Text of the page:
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22.01.19

Health secretary to meet Glasgow hospital bosses over deaths in pigeon infection outbreak

Scotland’s health secretary is to meet top NHS officials to discuss the outbreak of an infection caused by pigeon droppings which has led to two patient deaths at an £842m Glasgow hospital.

An investigation is underway into the fungal infection outbreak at the Queen Elizabeth University Hospital (QEUH), and health secretary Jeane Freeman is set to speak to both the chief executive of NHS Greater Glasgow and Clyde (NHSGGC) and senior staff to seek reassurance for patients’ safety.

Two patients died at QEUH after reportedly contracting the fungal infection after they caught the airborne disease, inhaling the fungus cryptococcus— typically found in pigeon droppings.

NHSGGC, who run the hospital, has launched an investigation and claimed that “control measures” have been introduced as the investigation continues, but a number of children and adult patients considered vulnerable to the infection are receiving treatment.

Freeman told the BBC: “Our primary concern, and that of NHSGGC, remains the safety and wellbeing of the patients and their families at the hospital.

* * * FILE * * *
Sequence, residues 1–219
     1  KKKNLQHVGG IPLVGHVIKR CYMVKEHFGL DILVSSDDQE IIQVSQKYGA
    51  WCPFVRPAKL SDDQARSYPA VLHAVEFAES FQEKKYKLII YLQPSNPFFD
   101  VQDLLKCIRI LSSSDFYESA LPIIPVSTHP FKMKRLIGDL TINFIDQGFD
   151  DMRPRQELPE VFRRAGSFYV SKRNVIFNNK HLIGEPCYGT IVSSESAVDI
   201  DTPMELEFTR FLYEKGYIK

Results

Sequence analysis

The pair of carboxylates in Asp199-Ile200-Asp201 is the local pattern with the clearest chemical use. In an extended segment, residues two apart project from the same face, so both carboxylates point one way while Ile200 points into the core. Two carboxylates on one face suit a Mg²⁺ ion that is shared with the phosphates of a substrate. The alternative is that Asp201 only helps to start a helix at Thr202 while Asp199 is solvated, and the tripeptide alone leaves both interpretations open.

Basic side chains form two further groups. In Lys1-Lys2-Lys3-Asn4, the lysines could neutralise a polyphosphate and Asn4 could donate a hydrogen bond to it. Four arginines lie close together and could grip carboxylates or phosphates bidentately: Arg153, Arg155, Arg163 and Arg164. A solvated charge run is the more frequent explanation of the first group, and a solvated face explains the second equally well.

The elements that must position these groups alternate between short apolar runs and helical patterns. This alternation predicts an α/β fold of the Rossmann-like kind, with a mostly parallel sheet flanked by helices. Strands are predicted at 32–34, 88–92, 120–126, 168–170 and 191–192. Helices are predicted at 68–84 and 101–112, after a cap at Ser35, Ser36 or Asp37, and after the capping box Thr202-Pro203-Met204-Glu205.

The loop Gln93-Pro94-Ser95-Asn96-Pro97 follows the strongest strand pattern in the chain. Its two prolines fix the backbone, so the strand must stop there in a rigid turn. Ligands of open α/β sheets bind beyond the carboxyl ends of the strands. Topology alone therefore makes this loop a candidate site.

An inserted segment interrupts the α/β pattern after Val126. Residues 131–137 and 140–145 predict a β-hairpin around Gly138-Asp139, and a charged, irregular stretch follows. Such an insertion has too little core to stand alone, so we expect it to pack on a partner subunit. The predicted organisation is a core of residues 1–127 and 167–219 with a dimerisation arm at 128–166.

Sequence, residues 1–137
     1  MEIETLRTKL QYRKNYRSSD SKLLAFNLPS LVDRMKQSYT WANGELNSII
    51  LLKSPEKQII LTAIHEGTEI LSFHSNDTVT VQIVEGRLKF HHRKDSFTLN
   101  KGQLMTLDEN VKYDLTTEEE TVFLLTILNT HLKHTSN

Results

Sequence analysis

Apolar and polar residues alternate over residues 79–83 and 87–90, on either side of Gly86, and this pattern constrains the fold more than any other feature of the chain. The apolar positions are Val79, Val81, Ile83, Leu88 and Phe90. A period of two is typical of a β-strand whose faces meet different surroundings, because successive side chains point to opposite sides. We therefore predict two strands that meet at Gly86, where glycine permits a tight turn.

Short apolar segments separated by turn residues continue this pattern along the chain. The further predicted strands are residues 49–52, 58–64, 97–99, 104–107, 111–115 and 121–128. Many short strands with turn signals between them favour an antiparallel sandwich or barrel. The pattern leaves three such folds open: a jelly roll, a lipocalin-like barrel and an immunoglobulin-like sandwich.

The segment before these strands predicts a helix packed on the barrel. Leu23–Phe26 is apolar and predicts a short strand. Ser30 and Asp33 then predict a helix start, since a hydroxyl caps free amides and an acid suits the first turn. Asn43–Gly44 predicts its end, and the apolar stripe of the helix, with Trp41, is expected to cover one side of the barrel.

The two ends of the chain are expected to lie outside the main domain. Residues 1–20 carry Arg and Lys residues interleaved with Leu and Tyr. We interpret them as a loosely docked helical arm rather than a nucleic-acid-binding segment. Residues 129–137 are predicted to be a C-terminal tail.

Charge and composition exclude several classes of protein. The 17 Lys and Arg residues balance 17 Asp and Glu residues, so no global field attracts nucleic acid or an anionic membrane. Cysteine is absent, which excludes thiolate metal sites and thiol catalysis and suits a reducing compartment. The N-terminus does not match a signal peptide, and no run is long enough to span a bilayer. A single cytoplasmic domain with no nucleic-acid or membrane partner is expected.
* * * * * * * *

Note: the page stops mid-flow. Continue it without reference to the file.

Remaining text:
“I am meeting with the health board's chief executive and senior clinicians to discuss this incident and the necessary next steps and will be joined by the chief nursing officer and the national clinical director.”

The trust’s health board has said control teams have been working to ensure a safe clinical environment for patients at the hospital. A non-public room containing machinery has been identified as a likely source of the outbreak.

It said in a statement that one of the patients was elderly had died due to an unrelated cause whilst the other death is being investigated.

Former health secretary Alex Neil, speaking to the BBC, called for an external inquiry to find out why this had happened, examine how it had been handled by the health board, and determine what precautions needed to be taken in the future.

The SNP MSP said that whilst NHSGGC would not want to cause panic, there are “confusing messages coming out of the health board so they need to clarify the situation and do so as a matter of emergency.”

Image credit - George Allison

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